A Methodological Reconsideration of Early English-Indigenous Communication in Sixteenth Century Northeastern America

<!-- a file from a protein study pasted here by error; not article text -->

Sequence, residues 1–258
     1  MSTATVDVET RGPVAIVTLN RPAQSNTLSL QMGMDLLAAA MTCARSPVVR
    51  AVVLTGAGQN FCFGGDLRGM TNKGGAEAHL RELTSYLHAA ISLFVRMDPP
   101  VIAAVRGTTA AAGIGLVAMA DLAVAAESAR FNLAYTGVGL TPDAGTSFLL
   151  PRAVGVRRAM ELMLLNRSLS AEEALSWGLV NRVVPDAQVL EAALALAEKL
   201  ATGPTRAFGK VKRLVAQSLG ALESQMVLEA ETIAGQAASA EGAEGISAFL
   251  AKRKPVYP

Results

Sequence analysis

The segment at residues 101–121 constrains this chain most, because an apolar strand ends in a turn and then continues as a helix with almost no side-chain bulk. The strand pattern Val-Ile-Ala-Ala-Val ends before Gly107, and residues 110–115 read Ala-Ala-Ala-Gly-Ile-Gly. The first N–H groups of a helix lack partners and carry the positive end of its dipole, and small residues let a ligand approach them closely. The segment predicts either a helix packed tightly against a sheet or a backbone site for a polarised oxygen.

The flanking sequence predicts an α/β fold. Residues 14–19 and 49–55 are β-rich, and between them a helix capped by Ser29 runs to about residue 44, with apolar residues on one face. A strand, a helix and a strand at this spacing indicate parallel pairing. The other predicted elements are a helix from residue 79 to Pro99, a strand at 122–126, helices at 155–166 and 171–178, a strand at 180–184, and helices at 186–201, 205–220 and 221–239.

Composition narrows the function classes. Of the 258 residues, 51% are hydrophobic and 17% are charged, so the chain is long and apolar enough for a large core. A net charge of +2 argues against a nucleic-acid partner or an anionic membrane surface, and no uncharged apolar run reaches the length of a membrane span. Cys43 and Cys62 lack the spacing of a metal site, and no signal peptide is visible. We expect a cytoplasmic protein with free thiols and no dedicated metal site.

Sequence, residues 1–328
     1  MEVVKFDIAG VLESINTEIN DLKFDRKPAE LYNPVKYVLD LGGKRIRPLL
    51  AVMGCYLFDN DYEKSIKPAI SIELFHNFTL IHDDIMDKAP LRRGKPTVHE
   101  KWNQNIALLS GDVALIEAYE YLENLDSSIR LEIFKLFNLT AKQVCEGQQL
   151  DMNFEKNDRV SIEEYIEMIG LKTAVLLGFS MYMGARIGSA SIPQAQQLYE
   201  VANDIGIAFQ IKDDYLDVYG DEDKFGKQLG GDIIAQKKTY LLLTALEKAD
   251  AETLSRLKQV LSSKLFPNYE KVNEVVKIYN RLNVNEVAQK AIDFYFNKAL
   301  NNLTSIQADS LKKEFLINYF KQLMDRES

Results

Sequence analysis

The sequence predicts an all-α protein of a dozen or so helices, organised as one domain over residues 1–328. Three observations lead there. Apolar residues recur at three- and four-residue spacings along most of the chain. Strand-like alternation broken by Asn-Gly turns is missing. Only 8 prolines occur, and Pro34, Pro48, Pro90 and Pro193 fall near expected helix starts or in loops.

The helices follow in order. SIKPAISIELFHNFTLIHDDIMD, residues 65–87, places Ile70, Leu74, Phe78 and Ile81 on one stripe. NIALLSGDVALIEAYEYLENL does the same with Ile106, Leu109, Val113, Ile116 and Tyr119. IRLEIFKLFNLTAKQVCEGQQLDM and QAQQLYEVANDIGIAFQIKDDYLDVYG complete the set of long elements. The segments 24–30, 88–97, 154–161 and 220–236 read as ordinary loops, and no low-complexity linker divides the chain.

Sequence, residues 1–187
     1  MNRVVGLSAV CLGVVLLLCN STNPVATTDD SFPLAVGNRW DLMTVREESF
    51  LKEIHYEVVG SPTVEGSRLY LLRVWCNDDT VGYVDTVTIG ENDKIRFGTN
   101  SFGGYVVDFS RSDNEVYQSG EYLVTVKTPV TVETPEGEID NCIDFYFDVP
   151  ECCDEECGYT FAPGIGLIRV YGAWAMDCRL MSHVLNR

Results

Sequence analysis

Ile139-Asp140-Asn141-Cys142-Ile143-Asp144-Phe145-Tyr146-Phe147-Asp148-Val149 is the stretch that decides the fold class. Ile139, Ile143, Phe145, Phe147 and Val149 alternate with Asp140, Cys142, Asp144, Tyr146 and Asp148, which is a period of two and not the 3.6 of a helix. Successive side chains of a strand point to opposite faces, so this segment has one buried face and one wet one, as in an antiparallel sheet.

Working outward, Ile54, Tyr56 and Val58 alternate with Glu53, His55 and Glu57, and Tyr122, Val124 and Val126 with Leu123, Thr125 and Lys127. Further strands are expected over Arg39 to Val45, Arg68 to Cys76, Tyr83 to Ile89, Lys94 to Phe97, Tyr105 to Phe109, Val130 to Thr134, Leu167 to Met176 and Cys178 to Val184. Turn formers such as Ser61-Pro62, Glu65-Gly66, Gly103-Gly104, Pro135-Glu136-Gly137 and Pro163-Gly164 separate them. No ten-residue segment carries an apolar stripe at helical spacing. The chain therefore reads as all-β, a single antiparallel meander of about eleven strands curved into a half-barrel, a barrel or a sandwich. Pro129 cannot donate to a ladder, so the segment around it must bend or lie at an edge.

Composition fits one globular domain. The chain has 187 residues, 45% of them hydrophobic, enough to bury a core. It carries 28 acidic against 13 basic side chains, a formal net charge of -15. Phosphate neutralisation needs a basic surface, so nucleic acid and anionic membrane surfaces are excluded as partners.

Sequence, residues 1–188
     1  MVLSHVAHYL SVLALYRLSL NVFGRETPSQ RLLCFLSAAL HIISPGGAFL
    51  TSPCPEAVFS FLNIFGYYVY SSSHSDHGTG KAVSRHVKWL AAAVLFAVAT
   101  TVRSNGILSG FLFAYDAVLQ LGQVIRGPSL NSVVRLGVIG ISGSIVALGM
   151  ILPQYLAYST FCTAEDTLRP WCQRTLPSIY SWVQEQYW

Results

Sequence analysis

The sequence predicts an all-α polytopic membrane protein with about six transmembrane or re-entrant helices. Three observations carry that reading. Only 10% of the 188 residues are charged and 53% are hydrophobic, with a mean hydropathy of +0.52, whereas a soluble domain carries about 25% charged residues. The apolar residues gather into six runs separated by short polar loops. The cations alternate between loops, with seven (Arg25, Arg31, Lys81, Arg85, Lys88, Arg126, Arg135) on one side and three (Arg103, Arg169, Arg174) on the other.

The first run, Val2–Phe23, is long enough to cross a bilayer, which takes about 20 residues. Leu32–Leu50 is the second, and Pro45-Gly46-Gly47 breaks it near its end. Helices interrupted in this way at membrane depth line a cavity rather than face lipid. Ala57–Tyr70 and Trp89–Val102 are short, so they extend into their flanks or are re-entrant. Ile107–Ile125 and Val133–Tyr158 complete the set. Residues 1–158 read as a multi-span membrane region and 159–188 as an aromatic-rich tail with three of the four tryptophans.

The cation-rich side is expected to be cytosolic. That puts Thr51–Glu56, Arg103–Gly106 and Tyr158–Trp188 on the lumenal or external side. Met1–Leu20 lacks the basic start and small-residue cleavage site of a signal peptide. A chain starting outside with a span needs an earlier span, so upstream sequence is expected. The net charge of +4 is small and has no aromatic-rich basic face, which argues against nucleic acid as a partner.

In August 1576 five men serving the Elizabethan explorer Martin Frobisher disappeared following an Inuk guide at Baffin Island. Over the next two years the English tried various methods of communication with the Inuit – including miming, drawing, writing and kidnapping “interpreters” – but were unable to recover their lost men or even learn their fate. During this frustrating period English-Inuit relations deteriorated steadily from friendliness to bloodshed. Frobisher’s experiences with the South Baffin Inuit illustrate how limited communication could be between European explorers and Indigenous peoples during early contact and offer a unique glimpse at the mechanics of how this nonverbal communication functioned. Despite its centrality to understanding early contact, studies specifically focused on the initial experiments with nonverbal communication are rare. Many historians gloss over the subject, assuming miming occurred and that little can be discerned about this process. However, a close reading of certain explorer narratives reveals descriptions of how these makeshift exchanges took place. These texts also indicate the types of assumptions made by communicators when creating and interpreting messages and the preconceived notions that produced such assumptions. This dissertation examines communication in three English ventures in sixteenth century Northeastern America: The Frobisher Encounters with the South Baffin Inuit (1576-8), The Davis Encounters with the Greenland Inuit (1585-7) and the Roanoke Encounters with the Carolina Algonquin (1584-7). This study will serve as a point of departure for researchers to consider the uncertainties surrounding early communication and the implications this has for both methodological approaches and traditional historiographical interpretations.